Should New Hampshire pass legislation to bypass the Electoral College?
By: LFDA Editor
When all is said and done, it's the Electoral College vote -- not the popular vote -- that decides the presidency. Some states are considering legislation that essentially bypasses the Electoral College. Should New Hampshire join in?
In the 2000 presidential election, Democrat Al Gore received 50,999,897 votes; Republican George Bush received 50,456,002. In the Electoral College count, however, Bush tallied 271 to Gore's 266 and Bush became the president.
Today, there's a move afoot by states to essentially bypass that Electoral College process.
The National Popular Vote bill will award a state's Electoral College votes to the candidate who receives the most votes nationally, not the candidate who wins the state.
The Electoral College is made up of 538 electors from the all of the states. New Hampshire has four of those electors.
Our presidential election is actually an "indirect election" in that we're voting for electors within a state, who are the authorized constitutional participants in a presidential election.
The candidate who wins the vote in a state wins the electors.
Supporters of the National Popular Vote bill point to the 2000 election as evidence of the indirect vote problem, they say the the current Electoral College system is confusing and causes candidates to focus unduly on a handful of battleground states with high elector counts, such as Florida.
According to the National Popular Vote website, five states have enacted it into law: Washington, Hawaii, Illinois, New Jersey and Maryland (The Massachusetts Legislature recently passed a version. It's awaiting the governor's signature).
Once states possessing a majority of the electoral votes (or 270 of 538) have enacted the laws, the candidate winning the most votes nationally would be assured a majority of the Electoral College votes, no matter how the other states vote and how their electoral votes are distributed.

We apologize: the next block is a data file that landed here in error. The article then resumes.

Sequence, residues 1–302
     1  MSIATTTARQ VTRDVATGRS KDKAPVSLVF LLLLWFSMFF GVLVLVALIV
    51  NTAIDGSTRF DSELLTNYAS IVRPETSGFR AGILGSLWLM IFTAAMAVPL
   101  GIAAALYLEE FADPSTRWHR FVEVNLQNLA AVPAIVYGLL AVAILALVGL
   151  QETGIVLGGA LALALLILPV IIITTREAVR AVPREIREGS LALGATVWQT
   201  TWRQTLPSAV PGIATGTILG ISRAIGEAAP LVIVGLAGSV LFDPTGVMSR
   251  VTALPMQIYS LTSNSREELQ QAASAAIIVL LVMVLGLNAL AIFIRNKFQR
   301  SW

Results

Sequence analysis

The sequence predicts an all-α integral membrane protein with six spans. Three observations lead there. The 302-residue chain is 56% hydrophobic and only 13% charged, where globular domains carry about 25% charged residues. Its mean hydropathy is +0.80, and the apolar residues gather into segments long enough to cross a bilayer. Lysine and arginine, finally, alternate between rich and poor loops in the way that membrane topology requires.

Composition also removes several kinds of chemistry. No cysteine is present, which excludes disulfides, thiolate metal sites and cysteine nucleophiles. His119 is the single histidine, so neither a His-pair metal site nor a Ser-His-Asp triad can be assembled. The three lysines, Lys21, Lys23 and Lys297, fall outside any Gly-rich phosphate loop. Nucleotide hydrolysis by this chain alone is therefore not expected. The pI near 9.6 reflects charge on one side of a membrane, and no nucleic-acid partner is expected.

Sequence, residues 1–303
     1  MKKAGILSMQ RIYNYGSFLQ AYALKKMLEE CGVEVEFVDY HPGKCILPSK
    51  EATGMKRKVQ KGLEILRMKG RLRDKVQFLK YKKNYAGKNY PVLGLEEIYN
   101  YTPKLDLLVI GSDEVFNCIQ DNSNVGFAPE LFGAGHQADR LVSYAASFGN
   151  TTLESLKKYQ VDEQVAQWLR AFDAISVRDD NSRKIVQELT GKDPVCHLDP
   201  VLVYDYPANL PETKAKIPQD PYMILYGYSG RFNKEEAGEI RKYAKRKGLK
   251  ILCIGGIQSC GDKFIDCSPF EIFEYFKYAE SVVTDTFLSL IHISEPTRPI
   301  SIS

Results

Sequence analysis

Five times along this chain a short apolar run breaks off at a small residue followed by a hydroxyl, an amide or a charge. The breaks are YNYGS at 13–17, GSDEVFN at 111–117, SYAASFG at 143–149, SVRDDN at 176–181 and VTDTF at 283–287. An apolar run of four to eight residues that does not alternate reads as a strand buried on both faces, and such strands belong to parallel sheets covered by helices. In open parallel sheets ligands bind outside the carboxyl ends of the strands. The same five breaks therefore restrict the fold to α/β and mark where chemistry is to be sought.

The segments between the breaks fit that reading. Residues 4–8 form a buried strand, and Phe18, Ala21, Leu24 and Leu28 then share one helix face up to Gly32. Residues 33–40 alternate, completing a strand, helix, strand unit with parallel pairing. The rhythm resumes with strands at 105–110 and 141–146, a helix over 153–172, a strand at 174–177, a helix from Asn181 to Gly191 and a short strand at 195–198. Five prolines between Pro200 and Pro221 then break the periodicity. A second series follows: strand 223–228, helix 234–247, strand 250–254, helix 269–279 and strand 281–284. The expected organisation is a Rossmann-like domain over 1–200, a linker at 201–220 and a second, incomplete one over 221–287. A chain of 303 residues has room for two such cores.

Critics of the bill say it would create even more confusing scenarios than exist now: For example, a candidate can win nationally, but the opponent wins in New Hampshire. In that case, the state's four electoral votes would go to the national-winning candidate who was not supported by Granite State voters.
New Hampshire considered the measure in 2009 in HB 417, and it was deemed inexpedient to legislate and was killed by the House.
HB 148, sponsored by Cheshire District 16 Democrat Charles Weed calling for the direct popular election of president, was unanimously rejected by the House Election Law Committee.
Two opposing proposals went before the Legislature's 2012 session. HJR 20, proposed by Democratic Rep. John Cloutier of Claremont, urged Congress to propose a constitutional amendment to abolish the Electoral College. On March 15, that measure met the same fate as Julius Caesar on that date in 44 B.C.
In contrast, HCR 42, proposed by Fremont Republican Rep. Daniel Itse "expresses support for preserving" it. Both bills are in committee, taking effect in the merry, merry month of May.
Should the Legislature look at the measure again? Is the Electoral College system broken, or do you think it should stay just as it is?